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[ NNSquad ] Re: Neutrality in Perspective

One way to look at services like port 25 blocking, email relaying, virus checking etc is that they are optional services you could request from an SP. I say SP, not ISP because it's just about services and not access to some Internet out there.


I'm even willing to accept some of the services as a default but should be able to elect to get those services from any SP. I now use a third party for my mail filtering and not my IAP (Internet Access[sic] Provider). I use another to vouch to AOL et al that my email is well-behaved.


The rational for port blocking -- with Verizon it's 80, but 25 is open, is that ... oh, who cares ... it's just a damn inconvenience and doesn't prevent me from running a server. After all, everything on a peer network is a server so their definitions, like much of the ToS, are nonsense or self-serving like the artificial scarcity which makes Comcast look like a hero with Powerboost for temporarily removing some of their restrictions.


Note that today’s NAT/routers are an interesting example of optional port blocking. Because too many of today’s computers (not just Windows!) default to being too exposed it’s useful to block all ports by default and then open them selectively. Thus if I do a NET USE I’m not automatically sharing to the world. But we must be very careful in understanding their accidental utility with architecture and not confused these logical paths with the physical both. Future services listening on ports must be cognizant of the net ecology – too bad Microsoft (and others) seem to be redoubling their efforts to treat the firewall as architecture.


Ultimately the solution is local ownership of local (physical) infrastructure and a focus on the First Square Mile (FSM) rather than the First (or Last) mile access to the emergent property we call “The Internet” or, worse, “Internet”.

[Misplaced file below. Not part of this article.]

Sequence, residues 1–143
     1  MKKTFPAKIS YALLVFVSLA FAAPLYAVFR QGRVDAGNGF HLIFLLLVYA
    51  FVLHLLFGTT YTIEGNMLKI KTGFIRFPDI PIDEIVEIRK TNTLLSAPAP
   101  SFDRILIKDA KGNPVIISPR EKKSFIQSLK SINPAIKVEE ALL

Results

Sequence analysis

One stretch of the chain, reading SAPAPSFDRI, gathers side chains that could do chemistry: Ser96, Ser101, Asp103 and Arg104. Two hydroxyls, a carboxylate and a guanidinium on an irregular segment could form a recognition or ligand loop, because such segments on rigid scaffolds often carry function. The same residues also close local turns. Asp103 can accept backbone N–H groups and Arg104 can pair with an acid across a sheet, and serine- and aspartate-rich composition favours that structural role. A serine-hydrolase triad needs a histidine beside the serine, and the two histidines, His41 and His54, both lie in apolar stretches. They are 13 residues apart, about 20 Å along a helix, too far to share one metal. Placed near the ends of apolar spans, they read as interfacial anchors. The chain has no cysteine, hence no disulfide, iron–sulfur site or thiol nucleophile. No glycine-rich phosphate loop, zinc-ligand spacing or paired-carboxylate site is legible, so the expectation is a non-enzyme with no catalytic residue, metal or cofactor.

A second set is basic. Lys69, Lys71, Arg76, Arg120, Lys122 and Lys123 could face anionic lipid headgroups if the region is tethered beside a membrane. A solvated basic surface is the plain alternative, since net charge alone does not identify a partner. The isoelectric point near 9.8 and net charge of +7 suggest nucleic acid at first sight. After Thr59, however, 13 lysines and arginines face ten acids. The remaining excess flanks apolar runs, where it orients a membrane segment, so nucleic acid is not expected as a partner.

The advantage of NN as a meme is that it is a proxy for  insidious structural problems that allows reporters and other children to understand that something is wrong even if they can’t quite say what.



-----Original Message-----
From: nnsquad-bounces+bob19-0501=bobf.frankston.com@nnsquad.org [mailto:nnsquad-bounces+bob19-0501=bobf.frankston.com@nnsquad.org] On Behalf Of Lauren Weinstein
Sent: Tuesday, November 13, 2007 12:07
To: nnsquad@nnsquad.org
Subject: [ NNSquad ] Neutrality in Perspective



It seems to me that when we get down to brass tacks, there isn't as

much disagreement about what network neutrality really is as some

players would have us believe.


In essence, most of the arguments are indeed about how much

non-neutrality is "necessary" or otherwise should be permitted by

ISPs, and how much collateral damage to innocent users should be

permitted under any given scenario. 


For example, there is absolutely no good reason why a well-behaved

residential dynamic service user shouldn't be able to operate their

own mail servers over port 25.  There are utterly valid privacy and

security reasons for wanting to do this, not to mention much better

control over mail handling overall.  The problem comes up when ISPs

simply declare that an entire class of users can't use this port

or that protocol as designed, without taking into account the

variation between users. 


It might be argued that blocking port 25 for dynamic IP addresses

*by default* may not be unreasonable, so long as that block would

be removed upon request by a well-behaved, obviously non-spamming

user.  There are some ISPs that will do this, but they are way in

the minority, as far as I know.   So the good guy customers are

treated in advance like crooks in most cases in this respect.


The same reasoning extends to many other aspects of the neutrality



Many of these problems have been created by the artificial scarcity

in real choice of last mile high speed (broadband) ISPs for most

users.  In major metro areas you can typically choose among the

giant phone company and the giant cable company, who tend to impose

their own rules often on a nationwide basis.  Satellite Internet is

relatively expensive and suffers severe bandwidth limitations at the

consumer level.  Telcos and cable companies have in general fought

to make it difficult for third party resellers to make use of their

outside physical plant, thereby ensuring that third party resale

access services remain limited and in some cases of questionable

longterm viability.


In more rural areas, high speed Internet access choices are

typically even more constrained, sometimes reaching zero.


Perhaps the best recent hope of additional options in these regards

was Google's original spectrum resale proposal, but the vested

telecoms successfully fought that back tooth and nail at the FCC.


So when we talk about what sorts of restrictions on users are

reasonable for ISPs to impose, and whether or not any given

restriction or similar activity by an ISP should be viewed as

unacceptable, I believe that it's important to keep in mind that the

ISPs are by and large not innocent bystanders being victimized, but

to a major extent have themselves created the present environment by

virtue of their various business-related decisions and motives over




NNSquad Moderator